I woke up to two snuggly kiddos on either side of me, giggling as they tried to sneak in and steal some time on a rare morning that daddy was already gone and they woke before mommy.  After a few minutes, we thought we better get moving.  I hopped in the shower and called Jordan to get in right as I was getting out so I could wash him up.  He got in right away and there were no problems in getting ready for school.  He moved quickly and without incident.

Jordan jumped off the bus when he got home and showed me his daily report from his teacher – the third day in a row this week that he got all smiley faces for his focus and behavior during class.  He worked on homework, had a healthy snack, and then went outside to play with friends.  It’s dinner time and he just kindly asked for ten more minutes of play before he has to come in.  So I said yes.  Because he asked nicely and without a fit.

Why are some days so easy and without incident where others are ridiculously like all of us are trudging through quick sand to get the basics done, and even that is asking too much.  I swear there is not one thing that I do differently.  I know there is supposedly nothing but the “pistons in the brain firing differently” from day to day, but that just doesn’t do it for me.  I need a miracle formula that makes for days like this every day.  Do they sell those on eBay?

Please don’t get me wrong, I’m not complaining.   I love days/weeks that things are so darn easy.  I just wish I knew how to replicate them.

a mother’s work…

I read a quote recently that I assume is about three quotes rolled into one as only a sleep deprived, scatter-brained and desperate mommy is capable of.  It went something like, “a mother’s work is never done; from sun up to sun down, and more if you have a son.”  I would like to lend a hearty amen to that.  Actually, I may have actually made that up.  I can’t even remember anymore, because let’s face it, my brain is like oatmeal 75% of the time these days.  In addition to the usual mommy and wifey tasks I have on my plate, I have a new obsession.  It’s called “name that disorder.”

I say “disorder” very lightly at this point because I really don’t think I like that word for our situation.  At least, I’m not ready to say it yet.  Have you ever been in a position with your kids (or dogs or significant others for that matter) where you know something is up, something big that is going to require a major change in the way you do things, but aren’t ready to really say it out loud?  It’s probably safe to say that’s where I am today.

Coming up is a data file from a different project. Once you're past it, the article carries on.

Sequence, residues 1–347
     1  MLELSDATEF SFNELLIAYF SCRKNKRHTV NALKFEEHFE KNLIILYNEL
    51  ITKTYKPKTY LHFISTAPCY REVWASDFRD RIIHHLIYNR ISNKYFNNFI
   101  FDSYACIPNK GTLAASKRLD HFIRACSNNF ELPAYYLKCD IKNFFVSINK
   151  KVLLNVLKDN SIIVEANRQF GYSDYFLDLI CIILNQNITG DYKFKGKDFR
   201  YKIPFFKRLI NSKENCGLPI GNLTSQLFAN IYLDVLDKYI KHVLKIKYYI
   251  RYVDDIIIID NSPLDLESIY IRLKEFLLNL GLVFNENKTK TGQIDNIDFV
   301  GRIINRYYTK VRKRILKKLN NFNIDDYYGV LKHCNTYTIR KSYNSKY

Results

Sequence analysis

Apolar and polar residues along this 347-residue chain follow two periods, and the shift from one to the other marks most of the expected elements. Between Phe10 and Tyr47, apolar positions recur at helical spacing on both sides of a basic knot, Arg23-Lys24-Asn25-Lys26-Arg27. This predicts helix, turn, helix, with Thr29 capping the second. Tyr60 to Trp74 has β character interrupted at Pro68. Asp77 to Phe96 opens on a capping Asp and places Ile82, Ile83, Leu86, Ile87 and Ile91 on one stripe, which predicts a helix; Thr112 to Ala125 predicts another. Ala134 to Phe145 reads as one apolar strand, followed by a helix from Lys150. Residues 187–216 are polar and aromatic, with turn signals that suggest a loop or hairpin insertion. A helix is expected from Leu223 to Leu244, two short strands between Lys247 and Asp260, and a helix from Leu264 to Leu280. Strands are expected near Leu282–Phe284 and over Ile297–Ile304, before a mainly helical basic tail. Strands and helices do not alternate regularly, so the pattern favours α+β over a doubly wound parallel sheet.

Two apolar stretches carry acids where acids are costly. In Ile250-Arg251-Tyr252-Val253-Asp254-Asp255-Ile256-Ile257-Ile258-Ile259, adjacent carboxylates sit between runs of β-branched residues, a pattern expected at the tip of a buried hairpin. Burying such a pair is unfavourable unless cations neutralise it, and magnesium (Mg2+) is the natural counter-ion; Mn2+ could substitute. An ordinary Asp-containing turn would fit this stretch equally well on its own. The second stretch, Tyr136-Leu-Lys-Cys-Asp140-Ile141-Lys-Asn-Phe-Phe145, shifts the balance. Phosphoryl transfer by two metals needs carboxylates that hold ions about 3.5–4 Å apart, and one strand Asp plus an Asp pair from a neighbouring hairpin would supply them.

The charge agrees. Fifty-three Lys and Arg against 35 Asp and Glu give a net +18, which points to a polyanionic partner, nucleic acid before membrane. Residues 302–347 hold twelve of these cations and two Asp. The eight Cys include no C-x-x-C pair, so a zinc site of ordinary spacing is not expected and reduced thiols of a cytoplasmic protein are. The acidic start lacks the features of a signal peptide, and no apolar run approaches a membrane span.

We recently had school conferences for our little man who is nearing the end of Kindergarten.  This is a conference I have not been looking forward to.  I knew what was going to happen.  I knew the words “not ready to move forward” were going to be said.  I knew the school’s learning counselor was going to be there.  I knew because I invited her.  I invited her because I knew we were at a point where I needed help.

Let me tell you some things about the little man.  He is six and the size of an eight or nine year old.  Seriously.  He is the most sensitive, loving and kind-hearted little guy you’d have the privilege of knowing, even if you weren’t his mother.

He has also been referred to as the following things: “destructo boy,” “mr. destructicon,” “aaaalllll BOY,” “three boys in one,” “just a typical little boy with lots of energy. LOTS of energy,” “rambunctious,” and oh so many more.  Are you catching my drift here?

He’s also known as a tender-hearted sweetheart,”  “Mommy’s little boy” (aka: Keli totally babies that kid and coddles him) and “the baby” of our family.

For all intents and purposes, Jordan is “normal.”  He really is a rambunctious little guy that is all boy full of energy.  He’s a boy that likes to run and jump and climb and play.  He’s a little boy that likes to be good at stuff.  He likes to be praised and be told he’s doing well.  He likes rewards and stickers and routine.  He is also a little boy that learned to throw himself out of his crib before he could even crawl all that well and one that we had to lock in his completely bare room at night in order to keep him safe because of what an expert “house explorer” he was.  Trust me, once you find your toddler sitting on top of the stove attempting to turn on the burners, locking him in a completely empty (except for a bed) and child-proofed room at night no longer seems like child abuse and just seems damn smart.